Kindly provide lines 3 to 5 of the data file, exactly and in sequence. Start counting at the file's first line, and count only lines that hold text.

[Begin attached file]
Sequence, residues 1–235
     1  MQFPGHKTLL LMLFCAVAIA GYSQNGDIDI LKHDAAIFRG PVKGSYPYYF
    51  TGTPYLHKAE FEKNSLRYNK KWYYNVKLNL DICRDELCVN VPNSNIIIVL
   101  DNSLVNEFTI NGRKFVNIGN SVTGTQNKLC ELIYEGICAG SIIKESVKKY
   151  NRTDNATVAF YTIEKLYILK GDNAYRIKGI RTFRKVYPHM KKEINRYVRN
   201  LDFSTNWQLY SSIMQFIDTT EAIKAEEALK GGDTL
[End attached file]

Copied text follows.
    51  TGTPYLHKAE FEKNSLRYNK KWYYNVKLNL DICRDELCVN VPNSNIIIVL
   101  DNSLVNEFTI NGRKFVNIGN SVTGTQNKLC ELIYEGICAG SIIKESVKKY
   151  NRTDNATVAF YTIEKLYILK GDNAYRIKGI RTFRKVYPHM KKEINRYVRN